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"I would never die for my beliefs because I might be wrong."

-- Bertrand Russell


Feb
1
comment Can light be launched outwards from an event horizon?
Read up on lightcones a bit first, the last picture shows what happens in the black hole case. If that doesn't answer your question yet, I'll try to write a full reply.
Feb
1
comment Can light be launched outwards from an event horizon?
Escape velocity is really a Newtonian concept. The event horizon is not defined in terms of escape velocity, but rather as the boundary of a region beyond which the outside world can not be affected anymore. Another way to express this is by looking at what happens with light cones in the geometry of a black hole. As you get closer to the whole, the future light cone tips towards the black hole. On the event horizon, it lies completely inside the boundary.
Feb
1
comment Can light be launched outwards from an event horizon?
The thing is, once you're on the horizon, there does not exist an "outward" direction anymore.
Jan
31
comment About Boltzmann H-theorem
Could you specifically reference the derivation you mention. The assumptions should be in there. But just out of the top of my head, you're going to have to assume some specific initial conditions (they have to be "typical"). The way Boltzmann did it was with the Stosszahlansatz. But more modern derivations use more explicit assumptions on the initial conditions.
Jan
20
comment According to relativity, can a statement be true and false in same time?
What has relativity to do with it? If Newton wrote "It's 1766." and you read the statement now, does that make the statement false or true?
Dec
24
comment Is that true that neutron activity on Earth in 2013 is unusual?
Just skimming through the topics on that website, I'd take anything coming from there with a pinch of salt. Has it been published in a peer-reviewed journal?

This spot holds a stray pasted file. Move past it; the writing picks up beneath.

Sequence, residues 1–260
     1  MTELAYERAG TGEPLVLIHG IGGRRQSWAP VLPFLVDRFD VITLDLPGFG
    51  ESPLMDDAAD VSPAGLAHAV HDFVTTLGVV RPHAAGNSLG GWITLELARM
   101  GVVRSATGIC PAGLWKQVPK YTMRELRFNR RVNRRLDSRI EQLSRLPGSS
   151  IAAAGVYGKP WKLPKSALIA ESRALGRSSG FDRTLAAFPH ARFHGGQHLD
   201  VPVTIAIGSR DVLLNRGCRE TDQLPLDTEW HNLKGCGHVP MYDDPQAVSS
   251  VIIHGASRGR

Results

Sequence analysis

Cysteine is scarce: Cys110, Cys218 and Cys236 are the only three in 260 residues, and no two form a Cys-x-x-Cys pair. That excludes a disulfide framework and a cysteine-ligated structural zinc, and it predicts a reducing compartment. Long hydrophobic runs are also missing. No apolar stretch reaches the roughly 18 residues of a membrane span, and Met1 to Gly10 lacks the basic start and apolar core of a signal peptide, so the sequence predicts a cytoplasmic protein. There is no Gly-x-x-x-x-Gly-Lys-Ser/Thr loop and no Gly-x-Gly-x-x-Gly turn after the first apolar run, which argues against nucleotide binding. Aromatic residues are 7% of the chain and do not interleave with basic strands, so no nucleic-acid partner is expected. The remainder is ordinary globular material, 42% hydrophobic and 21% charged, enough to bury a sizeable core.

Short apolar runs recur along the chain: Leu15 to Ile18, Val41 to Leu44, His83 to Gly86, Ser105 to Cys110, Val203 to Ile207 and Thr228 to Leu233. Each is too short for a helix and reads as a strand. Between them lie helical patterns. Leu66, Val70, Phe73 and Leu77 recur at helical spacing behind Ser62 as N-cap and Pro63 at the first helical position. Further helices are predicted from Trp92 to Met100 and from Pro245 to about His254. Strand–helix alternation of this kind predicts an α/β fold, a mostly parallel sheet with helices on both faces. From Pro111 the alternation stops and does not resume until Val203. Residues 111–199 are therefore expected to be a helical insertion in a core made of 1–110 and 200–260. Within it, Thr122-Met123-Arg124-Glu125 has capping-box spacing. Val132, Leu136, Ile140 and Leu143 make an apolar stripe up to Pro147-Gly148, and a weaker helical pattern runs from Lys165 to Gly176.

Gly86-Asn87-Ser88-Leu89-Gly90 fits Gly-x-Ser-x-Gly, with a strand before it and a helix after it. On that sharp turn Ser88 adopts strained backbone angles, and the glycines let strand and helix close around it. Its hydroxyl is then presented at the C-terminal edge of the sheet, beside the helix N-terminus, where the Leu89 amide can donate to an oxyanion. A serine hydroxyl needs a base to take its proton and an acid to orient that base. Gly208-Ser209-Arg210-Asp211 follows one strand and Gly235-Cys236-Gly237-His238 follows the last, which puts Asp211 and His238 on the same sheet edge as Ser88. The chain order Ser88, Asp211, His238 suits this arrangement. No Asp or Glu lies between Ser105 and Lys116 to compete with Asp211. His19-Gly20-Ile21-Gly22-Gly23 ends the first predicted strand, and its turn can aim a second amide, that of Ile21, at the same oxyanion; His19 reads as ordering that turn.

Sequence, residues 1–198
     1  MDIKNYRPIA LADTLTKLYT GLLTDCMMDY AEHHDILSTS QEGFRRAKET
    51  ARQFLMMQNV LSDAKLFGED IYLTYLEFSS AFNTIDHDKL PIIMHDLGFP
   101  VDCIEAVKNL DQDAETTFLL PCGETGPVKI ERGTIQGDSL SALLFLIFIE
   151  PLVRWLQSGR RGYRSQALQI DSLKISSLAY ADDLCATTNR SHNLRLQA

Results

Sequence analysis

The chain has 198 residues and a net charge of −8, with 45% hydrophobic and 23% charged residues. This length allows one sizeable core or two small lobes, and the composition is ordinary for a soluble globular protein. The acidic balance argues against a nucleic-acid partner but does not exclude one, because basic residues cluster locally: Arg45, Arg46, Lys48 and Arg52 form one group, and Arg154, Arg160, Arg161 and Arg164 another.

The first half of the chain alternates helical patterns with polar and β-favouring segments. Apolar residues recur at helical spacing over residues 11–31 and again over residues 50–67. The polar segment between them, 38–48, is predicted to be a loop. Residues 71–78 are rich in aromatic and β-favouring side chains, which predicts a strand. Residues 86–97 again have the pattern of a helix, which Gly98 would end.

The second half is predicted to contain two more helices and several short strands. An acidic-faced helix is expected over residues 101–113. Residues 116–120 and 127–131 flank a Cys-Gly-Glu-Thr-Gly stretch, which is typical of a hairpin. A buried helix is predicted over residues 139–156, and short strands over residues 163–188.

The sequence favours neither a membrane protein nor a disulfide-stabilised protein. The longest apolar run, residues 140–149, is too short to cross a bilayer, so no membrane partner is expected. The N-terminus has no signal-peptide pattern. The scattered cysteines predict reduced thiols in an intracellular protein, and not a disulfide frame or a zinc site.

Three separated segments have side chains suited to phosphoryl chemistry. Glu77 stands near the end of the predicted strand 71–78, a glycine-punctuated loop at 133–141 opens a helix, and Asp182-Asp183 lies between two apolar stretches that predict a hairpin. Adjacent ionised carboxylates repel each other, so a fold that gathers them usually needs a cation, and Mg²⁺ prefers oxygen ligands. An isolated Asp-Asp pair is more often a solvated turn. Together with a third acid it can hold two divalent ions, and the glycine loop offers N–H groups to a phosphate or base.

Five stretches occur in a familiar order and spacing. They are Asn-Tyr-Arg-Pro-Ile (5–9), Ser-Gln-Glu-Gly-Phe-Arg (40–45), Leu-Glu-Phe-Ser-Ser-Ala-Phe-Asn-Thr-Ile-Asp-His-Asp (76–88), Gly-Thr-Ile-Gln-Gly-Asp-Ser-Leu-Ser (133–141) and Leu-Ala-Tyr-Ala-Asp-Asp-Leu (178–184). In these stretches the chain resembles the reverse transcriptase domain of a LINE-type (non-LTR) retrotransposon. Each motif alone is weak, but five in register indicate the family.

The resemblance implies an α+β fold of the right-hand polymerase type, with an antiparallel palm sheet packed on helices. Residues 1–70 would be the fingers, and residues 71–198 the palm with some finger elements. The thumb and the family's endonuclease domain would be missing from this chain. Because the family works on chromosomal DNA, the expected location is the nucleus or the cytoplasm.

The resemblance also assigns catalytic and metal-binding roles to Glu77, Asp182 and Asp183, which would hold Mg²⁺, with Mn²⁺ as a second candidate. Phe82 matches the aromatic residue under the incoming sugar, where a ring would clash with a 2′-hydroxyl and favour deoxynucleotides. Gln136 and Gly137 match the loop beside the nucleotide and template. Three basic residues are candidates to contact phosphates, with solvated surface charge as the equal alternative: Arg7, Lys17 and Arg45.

Dec
7
comment Electron double slit experiment and the electric field
The field will interfere too, and in such a way that you won't be able to tell, from measuring it, through which slit the electron went.
Nov
12
awarded  Yearling
Oct
28
awarded  Nice Answer
Oct
19
awarded  Taxonomist
Jul
29
comment Why terminal velocity exists?
@ZoltánSchmidt: You seem to be confused by something else as well. A body can keep accelerating while never reaching the speed of light. See Rindler coordinates.
Jul
14
comment Education : Students devising and solving their own problems
@udiboy: note it was only a critique for discouraging own investigations. As you'll note, I pretty much give the same suggestions as you do.
Jul
14
answered Education : Students devising and solving their own problems
Jul
9
comment What's wrong with this QFT thought experiment?
How does Bob encode information in the particles?
Jul
6
revised Time to immerse in a fluid
added 448 characters in body
Jul
6
revised Time to immerse in a fluid
added 29 characters in body
Jul
6
revised Time to immerse in a fluid
added 1 characters in body
Jul
6
revised Time to immerse in a fluid
edited body
Jul
6
comment Time to immerse in a fluid
@udiboy: I think the sphere is somewhat harder but more realistic. With the other forms, I would have to make an additional assumption of how the piece drops into the fluid to be able to compute things. With the sphere, it obviously doesn't matter.
Jul
6
comment Time to immerse in a fluid
@udiboy: Yes, but as you can see, calculus is unavoidable. The final formula, whatever the method you use to arrive at it will contain an integral. Of course, you could maybe partly guess a simplified formula by some dimensional analysis I suppose.